Using cross-app communication to make apps work together (10 by 10)

Using cross-app communication to make apps work together (10 by 10)

With Windows 10, the Universal Windows Platform (UWP) provides a number of improvements to better support sharing data and files across Windows apps.

Cross-app communication in Windows 10

Windows 10 introduces some new and improved ways to ease communication between apps on the same device, whether it’s an app launching another app with some data, or apps simply exchanging data without launching anything.

There are no restrictions or limits on which apps can talk to each other, or what kind of data they can exchange. This means that apps can define their own contracts with each other and extend each other’s functionality. It also makes it possible for app developers to break their apps into smaller experience chunks that are easier to maintain, update, and consume.

Reintroducing drag and drop

If you’ve developed for desktop before, you’re probably already familiar with the basics of drag and drop. In Windows 10, drag and drop has been reintroduced as UWP app APIs – with new features that enhance the UX. By fully exploiting these features, you can give the user a more tailored experience.

In this article, we’ll walk through how to deep-link apps, set up logic sharing between apps, and implement drag-and-drop concepts.

Deep linking: Getting an app ready

To demonstrate how to deep-link, we’ll use an example of a product inventory app that displays product details, along with a sales app that shows broad sales trends. To display individual product details, the sales app will deep-link into the inventory app.

The first step is making the inventory app available to be launched by other apps. To do this, we add a protocol declaration to the inventory app’s package manifest (Package.appxmanifest). Here’s how this declaration looks in the graphical editor, and the XML snippet it generates.


 <uap:Extension Category="windows.protocol">     <uap:Protocol Name="com.contoso.showproduct" /> </uap:Extension> 

Next, we need to add activation code so the app can respond appropriately when launched. The code goes into the inventory app’s Application class (App.xaml.cs), where all activations are routed. To respond to protocol activations, we need to override the OnActivated method of the activation class. That code looks like this:

 protected override void OnActivated(IActivatedEventArgs args) {     Frame rootFrame = CreateRootFrame();      if (args.Kind == ActivationKind.Protocol)     {         var protocolArgs = args as ProtocolActivatedEventArgs;         rootFrame.Navigate(typeof(ProtocolActivationPage), protocolArgs.Uri);     }     else     {         rootFrame.Navigate(typeof(MainPage));     }      // Ensure the current window is active     Window.Current.Activate(); }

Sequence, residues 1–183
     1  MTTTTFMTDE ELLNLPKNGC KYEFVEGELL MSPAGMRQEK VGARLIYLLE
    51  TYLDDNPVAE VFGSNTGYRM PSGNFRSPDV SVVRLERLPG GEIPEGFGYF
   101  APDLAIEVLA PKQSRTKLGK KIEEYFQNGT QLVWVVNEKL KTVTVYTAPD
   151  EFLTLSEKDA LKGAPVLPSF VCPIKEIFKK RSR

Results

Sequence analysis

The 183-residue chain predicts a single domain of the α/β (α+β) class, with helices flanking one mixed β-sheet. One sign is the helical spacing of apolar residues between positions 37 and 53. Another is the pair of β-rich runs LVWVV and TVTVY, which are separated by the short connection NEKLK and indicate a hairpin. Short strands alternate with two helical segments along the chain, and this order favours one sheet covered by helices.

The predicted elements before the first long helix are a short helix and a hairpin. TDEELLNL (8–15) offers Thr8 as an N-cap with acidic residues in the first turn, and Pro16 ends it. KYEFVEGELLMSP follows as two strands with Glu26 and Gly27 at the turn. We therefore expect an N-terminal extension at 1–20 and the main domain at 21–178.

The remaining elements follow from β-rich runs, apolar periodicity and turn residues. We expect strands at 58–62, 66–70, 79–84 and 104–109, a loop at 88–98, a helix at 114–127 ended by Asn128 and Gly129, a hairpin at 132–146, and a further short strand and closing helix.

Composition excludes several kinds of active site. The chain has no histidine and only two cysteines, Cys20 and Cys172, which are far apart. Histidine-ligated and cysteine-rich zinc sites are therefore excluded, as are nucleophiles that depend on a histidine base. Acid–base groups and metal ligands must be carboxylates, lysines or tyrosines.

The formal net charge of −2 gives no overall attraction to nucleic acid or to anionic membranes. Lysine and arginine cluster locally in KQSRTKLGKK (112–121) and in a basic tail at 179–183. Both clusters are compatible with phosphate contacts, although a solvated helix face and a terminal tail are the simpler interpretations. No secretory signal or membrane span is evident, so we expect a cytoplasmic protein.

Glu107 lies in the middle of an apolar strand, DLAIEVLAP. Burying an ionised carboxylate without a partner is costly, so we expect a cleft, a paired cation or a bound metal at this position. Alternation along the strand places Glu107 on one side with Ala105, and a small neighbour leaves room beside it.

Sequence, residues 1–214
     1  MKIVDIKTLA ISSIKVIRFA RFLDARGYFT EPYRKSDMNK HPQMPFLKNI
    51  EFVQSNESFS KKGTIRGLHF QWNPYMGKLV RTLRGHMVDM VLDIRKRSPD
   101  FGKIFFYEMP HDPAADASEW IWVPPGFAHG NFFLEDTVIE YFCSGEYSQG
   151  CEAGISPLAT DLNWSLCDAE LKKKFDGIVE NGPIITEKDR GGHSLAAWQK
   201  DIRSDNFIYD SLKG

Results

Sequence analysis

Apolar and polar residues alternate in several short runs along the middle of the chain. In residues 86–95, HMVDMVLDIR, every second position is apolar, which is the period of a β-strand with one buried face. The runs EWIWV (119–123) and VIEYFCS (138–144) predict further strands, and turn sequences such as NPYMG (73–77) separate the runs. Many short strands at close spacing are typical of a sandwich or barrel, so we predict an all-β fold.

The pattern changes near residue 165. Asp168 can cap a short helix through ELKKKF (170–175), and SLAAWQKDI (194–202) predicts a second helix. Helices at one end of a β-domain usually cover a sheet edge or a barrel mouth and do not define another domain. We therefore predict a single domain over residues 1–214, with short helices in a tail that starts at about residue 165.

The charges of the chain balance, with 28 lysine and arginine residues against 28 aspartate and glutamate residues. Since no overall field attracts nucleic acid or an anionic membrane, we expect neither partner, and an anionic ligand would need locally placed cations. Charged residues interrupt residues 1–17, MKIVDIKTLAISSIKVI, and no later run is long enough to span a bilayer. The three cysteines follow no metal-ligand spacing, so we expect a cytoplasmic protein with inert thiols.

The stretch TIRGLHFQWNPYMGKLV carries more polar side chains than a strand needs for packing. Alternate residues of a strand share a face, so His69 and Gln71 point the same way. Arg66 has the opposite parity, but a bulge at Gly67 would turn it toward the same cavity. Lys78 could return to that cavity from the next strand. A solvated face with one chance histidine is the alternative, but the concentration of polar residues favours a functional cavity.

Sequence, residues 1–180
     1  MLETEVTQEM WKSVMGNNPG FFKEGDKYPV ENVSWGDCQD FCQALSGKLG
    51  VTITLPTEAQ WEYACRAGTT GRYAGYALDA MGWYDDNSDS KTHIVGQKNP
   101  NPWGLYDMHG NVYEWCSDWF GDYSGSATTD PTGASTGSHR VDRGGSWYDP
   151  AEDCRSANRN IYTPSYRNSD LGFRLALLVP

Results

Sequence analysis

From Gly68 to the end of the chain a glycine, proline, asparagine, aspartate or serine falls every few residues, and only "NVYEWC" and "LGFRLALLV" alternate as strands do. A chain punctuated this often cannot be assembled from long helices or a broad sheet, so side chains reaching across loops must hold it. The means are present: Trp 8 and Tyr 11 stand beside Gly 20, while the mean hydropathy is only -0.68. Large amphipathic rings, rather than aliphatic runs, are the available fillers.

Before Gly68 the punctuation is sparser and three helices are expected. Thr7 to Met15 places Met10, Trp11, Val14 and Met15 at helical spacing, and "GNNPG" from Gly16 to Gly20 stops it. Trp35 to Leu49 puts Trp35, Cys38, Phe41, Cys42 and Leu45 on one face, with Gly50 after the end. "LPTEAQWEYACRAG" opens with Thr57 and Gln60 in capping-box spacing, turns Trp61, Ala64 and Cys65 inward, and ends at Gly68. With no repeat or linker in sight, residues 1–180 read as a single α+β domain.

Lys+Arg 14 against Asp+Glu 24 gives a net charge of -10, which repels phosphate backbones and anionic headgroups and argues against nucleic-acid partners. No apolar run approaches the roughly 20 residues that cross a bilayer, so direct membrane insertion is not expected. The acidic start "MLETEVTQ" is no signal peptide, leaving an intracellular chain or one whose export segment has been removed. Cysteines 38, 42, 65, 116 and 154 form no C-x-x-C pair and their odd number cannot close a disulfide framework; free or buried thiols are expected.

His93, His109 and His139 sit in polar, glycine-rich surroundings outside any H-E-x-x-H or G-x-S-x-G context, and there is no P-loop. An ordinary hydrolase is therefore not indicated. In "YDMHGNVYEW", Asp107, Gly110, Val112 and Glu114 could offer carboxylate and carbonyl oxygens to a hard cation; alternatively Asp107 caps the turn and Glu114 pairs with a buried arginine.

In this code, we check the incoming IActivatedEventArgs to determine if it is a protocol activation. If so, we typecast the incoming arguments as ProtocolActivatedEventArgs and send the incoming URI to the ProductDetails page. The ProductDetails page is set up to parse a URI such as com.contoso.showproduct:Details?ProductId=3748937 and show the corresponding product’s details. The inventory app can now handle incoming deep links.

Deep linking into the app

Finally, we can enable the sales app to deep-link into the inventory app. The app simply uses the Launcher.LaunchUriAsync method to deep-link into the inventory app. The code might look like this:

 Uri uri = new Uri("com.contoso.showproduct:?ProductId=3748937"); await Launcher.LaunchUriAsync(uri); 

Launching a specific app

With Windows 10, you now also have the ability to launch a specific app for when you want to control which app the user is launched into. Look at the code below:

 var options = new LauncherOptions(); options.TargetApplicationPackageFamilyName = "24919.Contoso.InventoryApp";  Uri uri = new Uri("com.contoso.showproduct:?ProductId=3748937"); await Launcher.LaunchUriAsync(uri, options); 

We can invoke a specific app through the LauncherOptions of the Launcher. Using this API, you can specify the TargetApplicationPackageFamilyName, the unique name you get when you register an app. By specifying this name alongside the launch URI, you can easily launch a specific app that implements the protocol declaration.

Sharing a file between apps

You can also make files accessible to the app you’re launching, using another new API, SharedStorageAccessManager.AddFile, which returns a token that you can send to the launched app. A data structure called ValueSet is used for communication between the apps. ValueSets are key/value dictionaries that can carry simple types: integers, floating-point numbers, strings, and byte arrays. In the following example, we use this API to make an IStorageFile instance available to the inventory app.

 var options = new LauncherOptions(); options.TargetApplicationPackageFamilyName = "24919.Contoso.InventoryApp";  var token = SharedStorageAccessManager.AddFile(gpxFile);  ValueSet inputData = new ValueSet(); inputData.Add("Token", token);  Uri uri = new Uri("com.contoso.showproduct:?ProductId=3748937"); await Launcher.LaunchUriAsync(uri, options, inputData);